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Sen. Elizabeth Warren To Wells Fargo CEO John Stumpf: 'You Should Resign'03:14
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Senate Banking Committee member Sen. Elizabeth Warren, D-Mass., questions Wells Fargo Chief Executive Officer John Stumpf, on Capitol Hill in Washington, Tuesday. (Susan Walsh/AP)
Senate Banking Committee member Sen. Elizabeth Warren, D-Mass., questions Wells Fargo Chief Executive Officer John Stumpf, on Capitol Hill in Washington, Tuesday. (Susan Walsh/AP)
This article is more than 4 years old.

The good news, if you're the CEO of Wells Fargo, is that you're really, really rich — even though your bank has been found responsible for a shameful scheme back in 2008 to boost profits. The bad news is you have to face a public tongue-lashing from Massachusetts Sen. Elizabeth Warren.

"Mr. Stumpf, the Wells Fargo vision and values statement, which you frequently cite, says 'We believe in values lived, not phrases memorized,'" Sen. Warren recited at the Senate Banking Committee hearing yesterday. "'If you want to find out how strong a company's ethics are, don't listen to what its people say. Watch what they do.' So, let's do that."

Sen. Warren and the rest of the committee grilled John Stumpf, CEO of Wells Fargo, mercilessly about his leadership at the bank. A scheme of overly aggressive sales targets pressured low-wage workers to create 2 million bogus accounts, hitting customers with fees and damaging their credit ratings.

Here are some of the most heated exchanges from the hearing:

"This is about accountability," said Sen. Warren. "You should resign. You should give back the money that you took while this scam was going on and you should be criminally investigated by both the Department of Justice and the Securities and Exchange Commission. This just isn't right. A cashier who steals a handful of twenties is held accountable but Wall Street executives who almost never hold themselves accountable, not now and not in 2008 when they crushed the worldwide economy."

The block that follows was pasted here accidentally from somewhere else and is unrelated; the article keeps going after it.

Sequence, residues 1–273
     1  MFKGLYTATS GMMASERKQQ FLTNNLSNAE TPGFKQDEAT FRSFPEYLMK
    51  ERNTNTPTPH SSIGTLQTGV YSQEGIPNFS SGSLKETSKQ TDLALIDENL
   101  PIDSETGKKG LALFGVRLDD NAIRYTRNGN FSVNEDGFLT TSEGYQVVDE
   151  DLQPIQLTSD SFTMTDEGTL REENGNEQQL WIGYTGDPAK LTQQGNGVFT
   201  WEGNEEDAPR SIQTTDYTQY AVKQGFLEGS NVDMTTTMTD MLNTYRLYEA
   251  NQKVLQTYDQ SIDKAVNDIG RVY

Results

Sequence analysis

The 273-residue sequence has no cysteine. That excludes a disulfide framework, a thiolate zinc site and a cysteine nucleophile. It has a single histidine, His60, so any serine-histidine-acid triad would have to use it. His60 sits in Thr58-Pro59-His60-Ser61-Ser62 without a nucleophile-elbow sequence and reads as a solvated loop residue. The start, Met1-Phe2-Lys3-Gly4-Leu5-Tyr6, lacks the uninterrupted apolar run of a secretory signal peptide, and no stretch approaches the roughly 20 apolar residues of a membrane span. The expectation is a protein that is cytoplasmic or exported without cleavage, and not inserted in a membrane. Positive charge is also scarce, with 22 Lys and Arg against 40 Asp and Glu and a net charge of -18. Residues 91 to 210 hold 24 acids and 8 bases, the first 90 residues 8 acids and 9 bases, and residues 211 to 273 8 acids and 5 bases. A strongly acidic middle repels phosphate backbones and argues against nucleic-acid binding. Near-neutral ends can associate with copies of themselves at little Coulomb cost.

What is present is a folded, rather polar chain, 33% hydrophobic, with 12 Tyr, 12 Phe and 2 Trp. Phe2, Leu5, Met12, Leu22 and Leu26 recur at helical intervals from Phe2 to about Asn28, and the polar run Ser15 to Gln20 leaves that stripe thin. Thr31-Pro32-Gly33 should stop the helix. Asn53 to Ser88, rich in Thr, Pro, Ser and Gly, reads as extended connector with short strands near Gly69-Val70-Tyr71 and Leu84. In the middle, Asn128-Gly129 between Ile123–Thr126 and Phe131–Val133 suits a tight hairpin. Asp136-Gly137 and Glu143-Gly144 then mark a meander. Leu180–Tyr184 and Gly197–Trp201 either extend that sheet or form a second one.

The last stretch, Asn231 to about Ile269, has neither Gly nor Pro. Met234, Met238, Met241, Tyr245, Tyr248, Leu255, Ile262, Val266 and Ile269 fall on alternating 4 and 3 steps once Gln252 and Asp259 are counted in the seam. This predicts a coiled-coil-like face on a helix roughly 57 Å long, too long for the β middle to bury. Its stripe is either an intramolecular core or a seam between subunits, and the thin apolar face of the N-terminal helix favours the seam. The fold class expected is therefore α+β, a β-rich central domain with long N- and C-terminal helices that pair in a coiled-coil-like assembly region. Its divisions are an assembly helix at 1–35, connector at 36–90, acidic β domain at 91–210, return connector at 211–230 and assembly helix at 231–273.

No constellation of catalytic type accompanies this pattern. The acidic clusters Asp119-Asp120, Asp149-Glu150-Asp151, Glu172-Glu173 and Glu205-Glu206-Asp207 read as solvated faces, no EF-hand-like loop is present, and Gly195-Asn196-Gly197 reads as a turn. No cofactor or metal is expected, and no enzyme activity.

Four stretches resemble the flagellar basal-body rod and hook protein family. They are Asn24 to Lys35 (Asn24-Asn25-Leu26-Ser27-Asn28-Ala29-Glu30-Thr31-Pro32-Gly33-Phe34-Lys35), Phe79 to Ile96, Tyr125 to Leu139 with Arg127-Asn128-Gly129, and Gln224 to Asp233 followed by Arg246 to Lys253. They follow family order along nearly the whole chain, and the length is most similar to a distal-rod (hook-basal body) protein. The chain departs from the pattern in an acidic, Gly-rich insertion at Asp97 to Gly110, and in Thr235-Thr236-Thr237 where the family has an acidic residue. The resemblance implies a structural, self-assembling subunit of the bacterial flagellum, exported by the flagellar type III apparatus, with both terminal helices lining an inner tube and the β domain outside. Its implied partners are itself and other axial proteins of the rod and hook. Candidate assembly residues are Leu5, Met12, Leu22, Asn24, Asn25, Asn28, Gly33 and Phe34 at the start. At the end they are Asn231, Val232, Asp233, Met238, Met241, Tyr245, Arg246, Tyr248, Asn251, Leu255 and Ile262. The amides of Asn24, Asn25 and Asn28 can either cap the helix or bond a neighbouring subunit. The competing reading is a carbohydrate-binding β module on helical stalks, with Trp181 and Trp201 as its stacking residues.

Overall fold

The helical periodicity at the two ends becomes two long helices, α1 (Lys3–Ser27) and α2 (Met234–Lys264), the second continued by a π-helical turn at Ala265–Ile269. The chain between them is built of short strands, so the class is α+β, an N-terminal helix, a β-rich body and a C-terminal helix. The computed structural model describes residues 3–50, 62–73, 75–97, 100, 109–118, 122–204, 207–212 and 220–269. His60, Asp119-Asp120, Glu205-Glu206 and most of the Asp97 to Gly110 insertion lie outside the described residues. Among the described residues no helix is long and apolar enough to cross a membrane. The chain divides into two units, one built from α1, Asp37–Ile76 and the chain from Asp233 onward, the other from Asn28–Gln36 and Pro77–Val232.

"How do you explain this to your own shareholders?" asked Sen. Warren. Stumpf replied, "There is a process that the board goes through and they will do that, they've already met, and we'll give that --" "I don't understand, you keep saying, 'The board, the board,' as if these are strangers that you met in a dark alley. Under the bylaws of Wells Fargo, and I'm quoting here, 'The chairman shall preside at all meetings of the board.' You were able to make changes, why can you not make a change here?"

"I'm going to have the board do their process," said Stumpf. Warren then asked, "You are going to have no recommendation at all? Ever? At any point in this process?" "Whatever the board accepts, whatever they do, I will accept and I will support." "You are not passive here. If you have nothing to do then what are you doing serving as chairman of the board? If you have no opinions on the most massive fraud that has hit this bank since the beginning of time, how can it be that you actually get to continue to collect a paycheck for being chairman of the board?"

This segment aired on September 21, 2016.

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